Dismiss Notice
Join Physics Forums Today!
The friendliest, high quality science and math community on the planet! Everyone who loves science is here!

Noether Theorem

  1. Dec 17, 2015 #1
  2. jcsd
  3. Dec 17, 2015 #2

    samalkhaiat

    User Avatar
    Science Advisor

    Which step you don't understand? Equation (7) follows from Tylor expanding the Lagrangian:
    [tex]L(x + \epsilon , y+ \eta) - L(x,y) = L(x,y) + \frac{\partial L}{\partial x} \epsilon + \frac{\partial L}{\partial y} \eta - L(x,y)[/tex]
    The left hand side is the variation in L, i.e., [itex]\delta L[/itex]. Now take [itex]x = q[/itex], [itex]y = \dot{q}[/itex], [itex]\epsilon = \gamma[/itex] and [itex]\eta = \dot{\gamma}[/itex], you get
    [tex]\delta L = \frac{\partial L}{\partial q} \gamma + \frac{\partial L}{\partial \dot{q}} \dot{\gamma} .[/tex]
    If the transformation [itex]q^{'} = q + \gamma[/itex] is a symmetry, then [itex]\delta L = 0[/itex]. So, you have
    [tex]\frac{\partial L}{\partial q} \gamma + \frac{\partial L}{\partial \dot{q}} \dot{\gamma} = 0.[/tex]
    Now, use the Lagrange equation
    [tex]\frac{\partial L}{\partial q} = \frac{d}{dt}( \frac{\partial L}{\partial \dot{q}} ) ,[/tex]
    in the first term and combine the two terms
    [tex]\frac{d}{dt}( \frac{\partial L}{\partial \dot{q}} ) \gamma + (\frac{\partial L}{\partial \dot{q}} ) \frac{d}{dt}\gamma = \frac{d}{dt} \left( \frac{\partial L}{\partial \dot{q}} \gamma \right) = 0 .[/tex]
     
  4. Dec 18, 2015 #3
    Thanks! But can you show me taylor expansion of the Lagrangian? I am kind of new to this.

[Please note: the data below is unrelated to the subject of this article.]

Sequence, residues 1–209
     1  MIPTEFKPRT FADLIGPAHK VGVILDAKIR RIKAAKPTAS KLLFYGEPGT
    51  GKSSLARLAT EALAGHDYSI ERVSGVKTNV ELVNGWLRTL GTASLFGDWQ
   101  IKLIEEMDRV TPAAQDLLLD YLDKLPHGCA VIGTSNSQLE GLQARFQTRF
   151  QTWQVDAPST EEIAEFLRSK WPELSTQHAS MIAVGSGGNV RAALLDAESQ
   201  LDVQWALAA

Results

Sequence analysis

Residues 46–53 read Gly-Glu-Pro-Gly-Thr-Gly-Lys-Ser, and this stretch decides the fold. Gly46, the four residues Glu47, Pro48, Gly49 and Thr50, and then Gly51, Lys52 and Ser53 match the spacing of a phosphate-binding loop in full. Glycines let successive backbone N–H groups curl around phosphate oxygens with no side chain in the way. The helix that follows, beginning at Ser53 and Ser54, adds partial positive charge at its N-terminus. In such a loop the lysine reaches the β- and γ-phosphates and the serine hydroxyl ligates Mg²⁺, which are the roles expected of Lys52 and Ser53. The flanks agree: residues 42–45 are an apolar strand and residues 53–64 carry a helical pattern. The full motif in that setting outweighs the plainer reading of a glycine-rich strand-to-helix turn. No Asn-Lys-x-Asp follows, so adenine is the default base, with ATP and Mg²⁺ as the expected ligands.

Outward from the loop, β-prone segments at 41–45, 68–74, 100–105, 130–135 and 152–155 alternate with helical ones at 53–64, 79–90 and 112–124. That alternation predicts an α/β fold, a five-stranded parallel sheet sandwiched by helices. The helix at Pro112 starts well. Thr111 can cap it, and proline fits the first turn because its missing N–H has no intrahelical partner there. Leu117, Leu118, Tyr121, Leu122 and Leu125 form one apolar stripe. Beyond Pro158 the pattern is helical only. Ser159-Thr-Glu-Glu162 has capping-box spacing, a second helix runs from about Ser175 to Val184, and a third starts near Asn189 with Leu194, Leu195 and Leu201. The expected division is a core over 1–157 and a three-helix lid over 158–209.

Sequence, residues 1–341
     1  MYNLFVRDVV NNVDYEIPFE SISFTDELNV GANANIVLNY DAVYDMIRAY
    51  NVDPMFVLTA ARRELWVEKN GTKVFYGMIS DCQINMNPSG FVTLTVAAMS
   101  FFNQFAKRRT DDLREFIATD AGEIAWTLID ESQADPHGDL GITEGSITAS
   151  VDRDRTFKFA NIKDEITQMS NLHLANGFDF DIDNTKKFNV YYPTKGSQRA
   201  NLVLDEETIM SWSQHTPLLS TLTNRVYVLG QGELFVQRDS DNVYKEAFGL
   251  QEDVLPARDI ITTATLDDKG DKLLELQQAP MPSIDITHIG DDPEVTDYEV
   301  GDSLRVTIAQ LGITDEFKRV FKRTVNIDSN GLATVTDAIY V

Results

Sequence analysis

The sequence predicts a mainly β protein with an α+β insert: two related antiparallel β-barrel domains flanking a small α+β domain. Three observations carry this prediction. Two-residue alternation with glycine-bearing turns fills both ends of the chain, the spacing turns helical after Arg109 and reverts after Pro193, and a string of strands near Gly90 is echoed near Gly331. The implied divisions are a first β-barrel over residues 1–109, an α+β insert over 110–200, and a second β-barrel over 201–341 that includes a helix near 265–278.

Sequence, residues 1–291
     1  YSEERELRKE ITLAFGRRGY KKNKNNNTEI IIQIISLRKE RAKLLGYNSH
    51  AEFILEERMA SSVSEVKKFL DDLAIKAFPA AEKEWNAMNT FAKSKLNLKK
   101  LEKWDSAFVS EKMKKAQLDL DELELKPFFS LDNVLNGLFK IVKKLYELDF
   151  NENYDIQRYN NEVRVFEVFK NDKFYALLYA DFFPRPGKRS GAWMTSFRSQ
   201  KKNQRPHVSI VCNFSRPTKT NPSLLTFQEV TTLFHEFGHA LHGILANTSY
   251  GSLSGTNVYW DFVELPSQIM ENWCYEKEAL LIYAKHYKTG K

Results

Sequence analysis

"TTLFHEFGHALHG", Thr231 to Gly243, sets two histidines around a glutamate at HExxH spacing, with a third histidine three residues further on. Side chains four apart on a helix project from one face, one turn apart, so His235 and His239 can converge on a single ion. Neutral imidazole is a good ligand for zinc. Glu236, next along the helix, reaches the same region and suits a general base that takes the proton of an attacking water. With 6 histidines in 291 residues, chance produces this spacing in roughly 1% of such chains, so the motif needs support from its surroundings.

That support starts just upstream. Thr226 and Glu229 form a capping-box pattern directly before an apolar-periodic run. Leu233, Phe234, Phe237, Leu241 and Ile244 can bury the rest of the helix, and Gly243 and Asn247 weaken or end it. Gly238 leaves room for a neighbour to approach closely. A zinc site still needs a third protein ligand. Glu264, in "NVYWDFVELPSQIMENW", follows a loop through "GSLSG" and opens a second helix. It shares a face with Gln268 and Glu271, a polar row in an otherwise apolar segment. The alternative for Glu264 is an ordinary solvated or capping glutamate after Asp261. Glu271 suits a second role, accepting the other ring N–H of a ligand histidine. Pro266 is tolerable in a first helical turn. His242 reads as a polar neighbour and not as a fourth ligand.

5. Dec 18, 2015 #4

    samalkhaiat

    User Avatar
    Science Advisor

    This is calculus problem! You should be able to Taylor expand function of two variables:
    [tex]L(q + \epsilon \gamma , \dot{q} + \epsilon \dot{\gamma}) = L(q,\dot{q}) + \epsilon \gamma \frac{\partial L}{\partial q} + \epsilon \dot{\gamma} \frac{\partial L}{\partial \dot{q}} + \frac{1}{2} \epsilon^{2} \gamma^{2} \frac{\partial^{2}L}{\partial q^{2}} + \cdots[/tex]
    Infinitesimal transformations means that [itex]\epsilon \ll 1[/itex], so you can take [itex]\epsilon^{2} = \epsilon^{3} = \cdots \approx 0[/itex] and keep only the linear terms in [itex]\epsilon[/itex]:
    [tex]L(q + \epsilon \gamma , \dot{q} + \epsilon \dot{\gamma}) = L(q,\dot{q}) + \epsilon \gamma \frac{\partial L}{\partial q} + \epsilon \dot{\gamma} \frac{\partial L}{\partial \dot{q}}[/tex]
     
  6. Dec 19, 2015 #5
    Thanks! But how do I get to equation 32?
     
  7. Dec 19, 2015 #6

    samalkhaiat

    User Avatar
    Science Advisor

    Don't you know how to take the total time derivative of [itex]L(x(t),y(t);t)[/itex]? What is your formal Education level?
    [tex]\frac{dL}{dt} = \frac{\partial L}{\partial t} + \frac{\partial L}{\partial x} \frac{dx}{dt} + \frac{\partial L}{\partial y} \frac{dy}{dt} [/tex]
    Now take [itex]x=q, \ y = \frac{dx}{dt} = \frac{dq}{dt} \equiv \dot{q}[/itex], so [itex]\frac{dy}{dt} = \ddot{q}[/itex].
     
  8. Dec 19, 2015 #7
    Sorry sometimes when I do too much my brain gets fuzzy and I tend to forget all my stuff. I just have one last question, as to how the author just come up with this equation
    upload_2015-12-20_8-49-29.png

    Thanks again for your help! Besides i am a A'level student.
     
  9. Dec 20, 2015 #8
    Sorry. Forget my previous post which was a stupid question. My last question is that in this case, is the degree of freedom referring to the type of axis(e.g. x, y or z) or the position along one axis for the euclidean translational symmetry on this paper?
     
  10. Dec 20, 2015 #9

    samalkhaiat

    User Avatar
    Science Advisor

    It may or may not be. As you are still an A-level student, I would suggest you wait till you are mathematically more able. Or, if you like, you can start by reading about the meaning of generalized coordinates in analytical Mechanics.
    Good Luck
     
Know someone interested in this topic? Share this thread via Reddit, Google+, Twitter, or Facebook




Similar Discussions: Noether Theorem
  1. Noether's Theorem (Replies: 36)

  2. Noether's Theorem (Replies: 3)

Loading...